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By Ann Hornaday and Ann Hornaday,SUN FILM CRITIC | January 25, 1998
If film in 1997 will be remembered for anything other than the Big Boat, it might be remembered as a year when films by, about and starring African-Americans made some quiet strides.Consider such breakout hits as "Soul Food," a family drama starring some of the hottest African-American actors in Hollywood, and "Eve's Bayou," the most commercially successful independent film of 1997. Consider the broadening of themes in such films as "Rosewood," "Hoodlum" and "Love Jones." Consider a year that started out with "Booty Call" and "B.A.
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NEWS
February 8, 2004
On February 1, 2004, WALTER R. SPENCER, father of Mwanawa S.Q. and Pili A. Houston. Also survived by his siblings, Lamont R., Dartagnan E., and Paulette M. Spencer, Jackie Brown, and a host of other relatives and friends. Family will receive friends on Tuesday. Visitation: 11 A.M. Memorial Service: 11:30 A.M. at DuBurns Arena, 1301 S. Ellwood Ave. Inquiries @ www.wyliefuneralhome.com
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NEWS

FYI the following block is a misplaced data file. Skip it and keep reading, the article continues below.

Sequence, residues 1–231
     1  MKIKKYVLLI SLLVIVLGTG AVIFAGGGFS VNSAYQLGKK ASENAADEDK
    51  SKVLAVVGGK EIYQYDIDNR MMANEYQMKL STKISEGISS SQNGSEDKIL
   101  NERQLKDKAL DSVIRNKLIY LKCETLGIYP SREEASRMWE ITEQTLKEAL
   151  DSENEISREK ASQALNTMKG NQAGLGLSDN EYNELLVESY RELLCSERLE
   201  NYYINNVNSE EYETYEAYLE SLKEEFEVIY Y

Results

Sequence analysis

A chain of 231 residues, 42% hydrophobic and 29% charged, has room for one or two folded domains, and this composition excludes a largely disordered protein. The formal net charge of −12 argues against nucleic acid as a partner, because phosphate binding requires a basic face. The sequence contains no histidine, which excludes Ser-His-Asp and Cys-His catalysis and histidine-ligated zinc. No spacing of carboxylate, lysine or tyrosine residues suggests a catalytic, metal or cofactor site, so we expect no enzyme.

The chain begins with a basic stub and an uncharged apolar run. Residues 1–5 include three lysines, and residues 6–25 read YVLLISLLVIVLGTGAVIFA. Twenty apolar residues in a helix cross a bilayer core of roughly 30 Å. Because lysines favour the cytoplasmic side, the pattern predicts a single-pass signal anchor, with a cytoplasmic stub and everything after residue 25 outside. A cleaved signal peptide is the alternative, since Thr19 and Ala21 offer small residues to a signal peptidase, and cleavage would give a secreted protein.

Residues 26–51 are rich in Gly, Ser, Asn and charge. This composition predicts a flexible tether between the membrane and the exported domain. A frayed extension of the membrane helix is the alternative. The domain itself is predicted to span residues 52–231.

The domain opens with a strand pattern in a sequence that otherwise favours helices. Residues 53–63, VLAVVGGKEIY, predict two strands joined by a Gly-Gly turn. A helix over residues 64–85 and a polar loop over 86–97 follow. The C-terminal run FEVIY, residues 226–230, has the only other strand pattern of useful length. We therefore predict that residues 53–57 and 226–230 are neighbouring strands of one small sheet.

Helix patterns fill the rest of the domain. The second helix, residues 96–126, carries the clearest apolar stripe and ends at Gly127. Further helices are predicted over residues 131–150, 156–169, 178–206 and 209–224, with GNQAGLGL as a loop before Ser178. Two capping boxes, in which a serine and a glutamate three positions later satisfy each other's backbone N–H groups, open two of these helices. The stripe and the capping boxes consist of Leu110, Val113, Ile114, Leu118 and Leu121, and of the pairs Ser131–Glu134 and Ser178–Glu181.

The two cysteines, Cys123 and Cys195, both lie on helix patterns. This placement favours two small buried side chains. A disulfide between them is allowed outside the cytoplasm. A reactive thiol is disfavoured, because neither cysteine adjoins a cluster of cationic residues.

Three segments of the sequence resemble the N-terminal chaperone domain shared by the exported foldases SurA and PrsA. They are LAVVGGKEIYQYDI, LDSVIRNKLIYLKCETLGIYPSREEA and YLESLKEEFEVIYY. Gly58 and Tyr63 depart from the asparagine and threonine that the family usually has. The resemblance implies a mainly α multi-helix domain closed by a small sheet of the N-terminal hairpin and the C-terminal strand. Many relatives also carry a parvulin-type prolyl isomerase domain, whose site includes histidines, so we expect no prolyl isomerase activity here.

February 8, 2004
On February 1, 2004, WALTER R. SPENCER, father of Mwanawa S.Q. and Pili A. Houston. Also survived by his siblings, Lamont R., Dartagnan E., and Paulette M. Spencer, Jackie Brown, and a host of other relatives and friends. Family will receive friends on Tuesday. Visitation: 11 A.M. Memorial Service: 11:30 A.M. at DuBurns Arena, 1301 S. Ellwood Ave. Inquiries @ www.wyliefuneralhome.com
FEATURES
By Chris Kaltenbach and Chris Kaltenbach,SUN MOVIE CRITIC | October 11, 2003
Six years have passed since Quentin Tarantino's last film, and not since Terrence Malick took a 20-year hiatus between Days of Heaven (1978) and The Thin Red Line (1998) has a director's return to the screen been more widely anticipated. Chat rooms have dedicated themselves to the topic. Speculation has known no bounds - was he suffering from chronic writer's block? Was he drying out someplace? Was he too demanding? Too sensitive to criticism? Just too plain weird for Hollywood? Kill Bill - Vol. 1 ends the drought, and its quality (as well as its assortment of patented Tarantino touches)